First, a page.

I first learned the word ‘sophisticated’ reading a Baby-Sitters Club book. Stacey, the club treasurer, is from New York and is often described as sophisticated with her fashionable clothes and ability to talk to boys.
I’d never heard the word sophisticated out loud, and in my head I pronounced it ‘sop-hiss-ticated’. It was a good word to learn, because that’s how I felt reading ‘Mary Anne Saves the Day’ – a chapter book – all by myself. Sophisticated. Bloody sophisticated.
Some years later I learned that you pronounce the ‘ph’ as ‘f‘. By then I looked down on the BSC books as easy reading trash. I’d also developed my own ideas about what true sophistication is.
When I was in the middle-years of high school I read poetry, wandered in nature and was particularly emotional on windy days. There were times when I felt a little bit special, a little bit sophisticated even. Here are some things that triggered it.
During an arts festival in my home town, I went to a performance where someone recited Shakespeare sonnets while some other people played in a wind quintet. People had come from Melbourne to hear this performance. It was bananas boring, but I felt like I was in very good company.
My home town was only two hours from the city so we would sometimes go on school excursions to Melbourne. We went to plays, classical concerts and the museum. Even as teenagers we got excited around escalators and the plush padded walls of the Arts Centre. The most sophisticated event of all was a trip to La Mama Theatre to see an arty play about people being upset with each other. After the performance, there was a Q and A with the actors and they served French press (not instant!) coffee for FREE. I could not sleep that night for thinking about how magnificent life could be. Having a lot of caffeine late in the evening had nothing to do with it.
My family embraced semi-sundried tomatoes in the early 1990s. We had these little flavour-bombs with cheese, sandwiches and pasta. Cafes paired semi-sundried tomatoes with focaccia with an almost unbreakable bond. It was unclear if they tasted better than a normal tomato, but they certainly tasted more and classier.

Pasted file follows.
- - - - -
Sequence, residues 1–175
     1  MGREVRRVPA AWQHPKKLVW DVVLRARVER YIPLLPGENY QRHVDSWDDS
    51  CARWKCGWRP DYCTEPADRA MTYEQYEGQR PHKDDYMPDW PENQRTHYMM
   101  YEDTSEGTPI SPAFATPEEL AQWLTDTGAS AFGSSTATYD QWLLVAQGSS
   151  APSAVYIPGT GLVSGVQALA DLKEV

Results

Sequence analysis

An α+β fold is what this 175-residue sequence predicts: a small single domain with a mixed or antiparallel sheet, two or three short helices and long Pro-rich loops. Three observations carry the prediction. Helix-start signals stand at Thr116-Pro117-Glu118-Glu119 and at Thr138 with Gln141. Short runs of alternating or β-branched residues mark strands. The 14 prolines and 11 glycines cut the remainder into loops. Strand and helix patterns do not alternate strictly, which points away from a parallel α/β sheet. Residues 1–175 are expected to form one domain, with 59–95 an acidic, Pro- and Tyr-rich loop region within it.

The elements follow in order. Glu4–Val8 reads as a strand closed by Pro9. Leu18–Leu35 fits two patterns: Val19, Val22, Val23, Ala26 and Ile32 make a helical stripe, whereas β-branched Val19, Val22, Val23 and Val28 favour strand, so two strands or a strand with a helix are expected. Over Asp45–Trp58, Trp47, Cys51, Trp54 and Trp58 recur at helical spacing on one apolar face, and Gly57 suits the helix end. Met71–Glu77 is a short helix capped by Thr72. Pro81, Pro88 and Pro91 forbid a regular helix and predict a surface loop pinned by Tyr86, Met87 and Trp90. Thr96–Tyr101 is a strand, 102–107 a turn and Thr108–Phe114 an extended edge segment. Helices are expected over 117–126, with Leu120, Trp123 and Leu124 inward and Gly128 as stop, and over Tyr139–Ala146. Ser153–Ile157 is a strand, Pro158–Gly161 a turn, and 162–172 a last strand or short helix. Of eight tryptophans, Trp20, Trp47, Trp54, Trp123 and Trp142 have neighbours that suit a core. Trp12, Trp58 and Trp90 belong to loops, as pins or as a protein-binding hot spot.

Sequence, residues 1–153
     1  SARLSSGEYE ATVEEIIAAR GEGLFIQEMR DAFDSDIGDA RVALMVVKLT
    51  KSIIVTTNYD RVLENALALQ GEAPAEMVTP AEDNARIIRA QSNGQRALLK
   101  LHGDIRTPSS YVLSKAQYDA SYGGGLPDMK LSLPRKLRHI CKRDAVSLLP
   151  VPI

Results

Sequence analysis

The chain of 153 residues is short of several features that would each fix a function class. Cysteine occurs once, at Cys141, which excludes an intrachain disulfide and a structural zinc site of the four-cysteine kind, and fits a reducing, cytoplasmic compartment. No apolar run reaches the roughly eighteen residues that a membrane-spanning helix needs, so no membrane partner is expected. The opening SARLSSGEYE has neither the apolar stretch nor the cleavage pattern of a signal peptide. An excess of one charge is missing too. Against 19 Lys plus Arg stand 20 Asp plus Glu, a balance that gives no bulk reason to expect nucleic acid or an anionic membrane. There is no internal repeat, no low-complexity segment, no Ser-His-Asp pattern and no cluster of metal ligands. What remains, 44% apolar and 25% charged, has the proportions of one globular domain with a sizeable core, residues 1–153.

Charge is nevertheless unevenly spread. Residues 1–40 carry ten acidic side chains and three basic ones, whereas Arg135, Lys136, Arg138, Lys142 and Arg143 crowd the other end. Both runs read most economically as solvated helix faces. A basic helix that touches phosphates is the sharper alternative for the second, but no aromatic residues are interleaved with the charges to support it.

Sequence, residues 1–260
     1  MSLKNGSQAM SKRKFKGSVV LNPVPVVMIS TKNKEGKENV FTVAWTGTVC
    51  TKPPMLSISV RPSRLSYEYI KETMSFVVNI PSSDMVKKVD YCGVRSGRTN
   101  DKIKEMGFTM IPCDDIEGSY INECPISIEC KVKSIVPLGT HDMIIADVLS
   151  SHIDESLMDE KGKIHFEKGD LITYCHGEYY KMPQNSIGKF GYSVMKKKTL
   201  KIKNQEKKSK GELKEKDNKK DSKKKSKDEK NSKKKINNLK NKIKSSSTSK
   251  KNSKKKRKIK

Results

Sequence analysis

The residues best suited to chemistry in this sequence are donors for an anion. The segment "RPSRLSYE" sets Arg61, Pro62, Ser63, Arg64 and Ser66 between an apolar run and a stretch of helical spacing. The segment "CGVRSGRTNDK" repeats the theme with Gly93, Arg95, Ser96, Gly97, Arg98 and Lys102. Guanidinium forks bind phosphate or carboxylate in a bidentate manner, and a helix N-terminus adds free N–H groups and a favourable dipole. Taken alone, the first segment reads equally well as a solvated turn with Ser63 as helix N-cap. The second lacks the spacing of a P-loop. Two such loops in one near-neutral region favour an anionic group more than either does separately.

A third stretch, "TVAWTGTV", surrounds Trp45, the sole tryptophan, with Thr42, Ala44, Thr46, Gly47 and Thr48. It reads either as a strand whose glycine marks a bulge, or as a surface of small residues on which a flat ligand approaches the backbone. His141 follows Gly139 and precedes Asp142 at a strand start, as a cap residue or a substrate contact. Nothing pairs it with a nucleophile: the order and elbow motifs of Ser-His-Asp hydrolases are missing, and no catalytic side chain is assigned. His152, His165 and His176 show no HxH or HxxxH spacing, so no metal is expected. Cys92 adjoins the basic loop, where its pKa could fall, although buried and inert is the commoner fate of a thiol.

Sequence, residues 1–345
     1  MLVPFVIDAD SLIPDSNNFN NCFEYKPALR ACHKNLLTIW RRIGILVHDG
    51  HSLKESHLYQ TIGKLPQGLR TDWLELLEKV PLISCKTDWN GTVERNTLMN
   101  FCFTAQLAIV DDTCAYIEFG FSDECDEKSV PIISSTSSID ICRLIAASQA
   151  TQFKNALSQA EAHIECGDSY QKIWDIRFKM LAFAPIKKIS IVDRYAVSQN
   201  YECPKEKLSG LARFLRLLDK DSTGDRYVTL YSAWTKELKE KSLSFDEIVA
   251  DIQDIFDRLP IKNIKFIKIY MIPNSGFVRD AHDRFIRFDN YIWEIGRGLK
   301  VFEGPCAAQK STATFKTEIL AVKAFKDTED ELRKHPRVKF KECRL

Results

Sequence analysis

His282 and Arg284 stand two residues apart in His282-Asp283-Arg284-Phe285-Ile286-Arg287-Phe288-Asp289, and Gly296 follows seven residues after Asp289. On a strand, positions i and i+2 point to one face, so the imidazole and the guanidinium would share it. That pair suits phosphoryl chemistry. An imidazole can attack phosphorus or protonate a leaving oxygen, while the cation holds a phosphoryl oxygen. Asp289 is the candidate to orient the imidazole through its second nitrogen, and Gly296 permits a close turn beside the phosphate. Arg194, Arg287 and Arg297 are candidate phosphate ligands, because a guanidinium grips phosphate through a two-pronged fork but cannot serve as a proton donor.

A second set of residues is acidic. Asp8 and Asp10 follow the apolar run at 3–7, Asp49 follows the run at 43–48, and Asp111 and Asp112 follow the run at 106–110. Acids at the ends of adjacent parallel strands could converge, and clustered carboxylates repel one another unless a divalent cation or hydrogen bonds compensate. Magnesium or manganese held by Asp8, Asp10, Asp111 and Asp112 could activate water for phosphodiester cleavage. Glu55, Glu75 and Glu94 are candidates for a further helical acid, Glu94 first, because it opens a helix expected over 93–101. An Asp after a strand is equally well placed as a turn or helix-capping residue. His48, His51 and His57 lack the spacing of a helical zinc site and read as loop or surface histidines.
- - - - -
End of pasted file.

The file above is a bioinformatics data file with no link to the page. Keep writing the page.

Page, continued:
Suns and moons watch
When my old watch broke I knew exactly what design I wanted to replace it: a suns and moon watch. These watches included a picture of a sun and a picture of a moon with stars. The pictures rotated depending on whether it was day or night. It would have been great if I’d been trapped in a basement or underground cave system.
The watch complimented my suns and moons doona cover and suns and moon wind chimes. When I looked around my room at all my suns and moons gear, I thought of Galileo, the beauty of the universe and being clever.
I asked for a candle snuffer for my 15th birthday. My mum thought it was weird, but she got me one. The only candle I needed to extinguish was in my midnight-blue oil burner (with a suns and moons motif). I was very happy with my gift. After an evening reading Wild Swans under my suns and moons doona, I would smugly snuff out the tea-light candle, feeling the satisfyingly heavy snuffer-weight in my hand. Sure, I could have simply blown out the candle, but I was, by then, someone who knew how to pronounce sophisticated, and I knew how to live.
There are still things that trigger a sense of sophistication. For example, I got my partner a very fancy coffee subscription for his birthday this year. Each month we get a 100g tin of very nice coffee beans. After we drink the coffee – and claim that it definitely tastes better than the normal beans – I line the little coffee tins up on the kitchen window sill. It looks bloody sophisticated.